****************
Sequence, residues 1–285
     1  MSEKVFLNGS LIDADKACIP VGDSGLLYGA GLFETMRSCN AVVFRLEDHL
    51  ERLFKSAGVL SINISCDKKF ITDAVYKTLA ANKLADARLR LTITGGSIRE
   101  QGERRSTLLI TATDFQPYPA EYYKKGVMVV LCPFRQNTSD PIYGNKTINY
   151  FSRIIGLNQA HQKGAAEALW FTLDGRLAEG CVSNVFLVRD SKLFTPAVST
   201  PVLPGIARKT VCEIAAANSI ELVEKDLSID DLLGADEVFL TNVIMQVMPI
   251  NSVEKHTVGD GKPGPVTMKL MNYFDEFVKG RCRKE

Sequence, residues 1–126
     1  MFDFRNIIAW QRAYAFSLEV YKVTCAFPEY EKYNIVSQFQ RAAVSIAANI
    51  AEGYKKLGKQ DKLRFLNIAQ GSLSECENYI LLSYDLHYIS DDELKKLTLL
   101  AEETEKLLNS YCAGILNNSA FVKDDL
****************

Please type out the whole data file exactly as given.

Sequence, residues 1–285
     1  MSEKVFLNGS LIDADKACIP VGDSGLLYGA GLFETMRSCN AVVFRLEDHL
    51  ERLFKSAGVL SINISCDKKF ITDAVYKTLA ANKLADARLR LTITGGSIRE
   101  QGERRSTLLI TATDFQPYPA EYYKKGVMVV LCPFRQNTSD PIYGNKTINY
   151  FSRIIGLNQA HQKGAAEALW FTLDGRLAEG CVSNVFLVRD SKLFTPAVST
   201  PVLPGIARKT VCEIAAANSI ELVEKDLSID DLLGADEVFL TNVIMQVMPI
   251  NSVEKHTVGD GKPGPVTMKL MNYFDEFVKG RCRKE

Sequence, residues 1–126
     1  MFDFRNIIAW QRAYAFSLEV YKVTCAFPEY EKYNIVSQFQ RAAVSIAANI
    51  AEGYKKLGKQ DKLRFLNIAQ GSLSECENYI LLSYDLHYIS DDELKKLTLL
   101  AEETEKLLNS YCAGILNNSA FVKDDL